Terry Lucas

Dharma Rain

In the summer of 2008 when wildfire descended on Tassajara Zen Center, 
the oldest Zen monastery outside Asia, The Forest Service evacuated all residents. 
Five monks turned back and met the fire, saving Tassajara.  

          —Adapted from Fire Monks: Zen Mind Meets Wildfire at the Gates of Tassajara

It was Dharma Rain 
          met you, Dharma Rain
from granite wine 

          pumped from the creek 
through PVC pipe 
          soaking wooden buildings, 

dirt, stone, skin—
          sprinklers the sound 
of sustained violins—

          strings creating their own 
sultry atmosphere—
          your fiery, brass choir 

waiting for the director’s baton 
          to cue you in. It was the Fire
Monk Jazz Quintet

          rearranged the score, 
re-harmonized the minor-chord flame-song, 
          Jump, Jive, An’ Wailin’ 

fire-hose saxophones 
          swingin’ with your drivin’
hot-rock rhythms 

          and log-rollin’ bass notes,
 cascading down into the smoke-
          filled Tassajara gulch,

the whole valley smelling 
          like the world’s original singe—
you, up on the ridge,

          ripping off red blouses 
from manzanitas and madrones, 
          becoming more aroused 

with each naked limb, each torso 
          exposed in firelight. 
You crowned them one-by-one,
          but couldn’t penetrate 
the V-shaped ravine, though you tried
          like a groom on his wedding night

but in the end, more out of duty 
          than desire, you stumbled drunk 
into the bed
          of the garden, soft
glow buried in her
          soil, her mist.

*   *   *

Conceived of flash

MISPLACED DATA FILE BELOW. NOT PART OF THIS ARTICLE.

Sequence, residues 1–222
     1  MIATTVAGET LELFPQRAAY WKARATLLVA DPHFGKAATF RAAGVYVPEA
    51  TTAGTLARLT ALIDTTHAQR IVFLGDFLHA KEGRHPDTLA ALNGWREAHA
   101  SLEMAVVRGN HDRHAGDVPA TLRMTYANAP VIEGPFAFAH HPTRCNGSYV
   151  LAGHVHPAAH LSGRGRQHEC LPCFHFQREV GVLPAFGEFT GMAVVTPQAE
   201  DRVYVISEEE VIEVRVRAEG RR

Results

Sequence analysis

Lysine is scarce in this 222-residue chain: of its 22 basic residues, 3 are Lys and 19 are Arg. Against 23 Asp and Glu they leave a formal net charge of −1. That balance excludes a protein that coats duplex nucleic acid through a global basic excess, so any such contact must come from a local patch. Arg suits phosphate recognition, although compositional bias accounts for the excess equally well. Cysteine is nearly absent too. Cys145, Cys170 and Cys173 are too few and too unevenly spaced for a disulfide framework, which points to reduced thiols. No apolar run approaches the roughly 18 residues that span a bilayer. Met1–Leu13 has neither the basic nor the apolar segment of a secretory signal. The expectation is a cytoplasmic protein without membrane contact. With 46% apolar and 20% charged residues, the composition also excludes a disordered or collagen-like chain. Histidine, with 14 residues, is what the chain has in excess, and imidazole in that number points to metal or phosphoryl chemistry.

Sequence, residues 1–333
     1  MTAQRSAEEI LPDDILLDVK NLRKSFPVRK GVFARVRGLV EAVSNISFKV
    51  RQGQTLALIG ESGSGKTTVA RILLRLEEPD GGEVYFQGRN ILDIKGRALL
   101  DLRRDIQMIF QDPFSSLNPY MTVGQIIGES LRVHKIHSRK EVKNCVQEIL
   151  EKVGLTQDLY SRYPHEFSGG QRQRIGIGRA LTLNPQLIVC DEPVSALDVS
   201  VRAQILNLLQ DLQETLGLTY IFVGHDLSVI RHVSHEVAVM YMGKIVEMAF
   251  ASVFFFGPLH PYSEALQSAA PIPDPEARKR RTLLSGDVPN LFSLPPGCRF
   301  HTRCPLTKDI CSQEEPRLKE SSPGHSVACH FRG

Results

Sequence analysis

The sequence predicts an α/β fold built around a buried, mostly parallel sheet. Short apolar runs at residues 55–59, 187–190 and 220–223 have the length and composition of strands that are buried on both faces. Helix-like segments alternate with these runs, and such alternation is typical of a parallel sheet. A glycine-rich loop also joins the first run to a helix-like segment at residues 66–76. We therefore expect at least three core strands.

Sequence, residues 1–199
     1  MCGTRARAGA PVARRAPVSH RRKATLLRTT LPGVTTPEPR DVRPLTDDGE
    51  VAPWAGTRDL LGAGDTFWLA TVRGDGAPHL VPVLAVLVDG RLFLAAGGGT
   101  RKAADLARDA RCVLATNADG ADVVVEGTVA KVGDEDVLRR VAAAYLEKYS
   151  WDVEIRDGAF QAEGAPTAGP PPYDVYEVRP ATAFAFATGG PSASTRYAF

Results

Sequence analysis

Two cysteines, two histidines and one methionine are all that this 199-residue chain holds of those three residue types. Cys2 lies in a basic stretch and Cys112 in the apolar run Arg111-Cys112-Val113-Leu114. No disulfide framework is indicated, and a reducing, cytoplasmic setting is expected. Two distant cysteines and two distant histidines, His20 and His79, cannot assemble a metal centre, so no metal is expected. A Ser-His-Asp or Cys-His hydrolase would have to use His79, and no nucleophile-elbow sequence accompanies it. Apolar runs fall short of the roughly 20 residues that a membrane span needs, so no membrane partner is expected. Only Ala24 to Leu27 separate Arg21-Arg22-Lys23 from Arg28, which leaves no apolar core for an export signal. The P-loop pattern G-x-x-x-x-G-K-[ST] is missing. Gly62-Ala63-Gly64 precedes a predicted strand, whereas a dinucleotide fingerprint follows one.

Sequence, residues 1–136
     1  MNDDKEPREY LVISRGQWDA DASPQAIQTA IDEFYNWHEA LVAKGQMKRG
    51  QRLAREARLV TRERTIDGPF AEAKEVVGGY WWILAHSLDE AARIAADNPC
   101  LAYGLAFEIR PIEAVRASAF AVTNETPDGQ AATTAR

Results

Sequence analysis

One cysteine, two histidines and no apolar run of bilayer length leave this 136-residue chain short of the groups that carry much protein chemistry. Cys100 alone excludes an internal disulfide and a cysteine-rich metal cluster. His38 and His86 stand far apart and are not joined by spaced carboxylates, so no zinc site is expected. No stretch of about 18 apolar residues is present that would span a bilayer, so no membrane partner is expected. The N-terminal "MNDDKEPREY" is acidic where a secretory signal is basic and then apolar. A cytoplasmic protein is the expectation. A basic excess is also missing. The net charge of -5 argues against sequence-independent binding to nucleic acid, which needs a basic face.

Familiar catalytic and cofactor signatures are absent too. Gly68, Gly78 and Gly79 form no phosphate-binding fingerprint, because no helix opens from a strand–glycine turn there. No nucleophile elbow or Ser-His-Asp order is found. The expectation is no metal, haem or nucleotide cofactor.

between earth and sky, 
I smoldered three days 

	beneath dust. Born hungry 
for live oak, sycamore, 
	maple—compelled to carve 

paths through the chaparral—
	maroon-barked manzanita,
chamise, ceanothus, yucca—

          to enlighten all flesh 
in my oven mouth—
          in one breath 

to translate a trillion tree lines, 
          a billion pages of bay laurel 
into fire beetles and whispering bells.

          O Tassajara,
when your lanterns were lit 
          along the Engawa

surrounding your zendo
          this morning, I saw you—
 the frost of your skin, your body, 

          your vulnerable ground, 
fire monk boots making little Buddha-shapes
          in the wet dirt.

I saw your treetops aligned 
          like piano keys,
each taut string 

          tied to nothingness, waiting
for my vermilion finger
          -nailed touch. 

Then I turned 
          to the moist commerce
of your temple gate and yurts,

          sheds and chemicals,
pine rooms and cabins,
          birdhouse and pool,

your schist stone Buddha,
	eyes brushed closed,
buried in the bocce ball court,

          calling down my parched tongues
to lap your Dharma Rain, your granite wine,
          to suckle the icicle of you.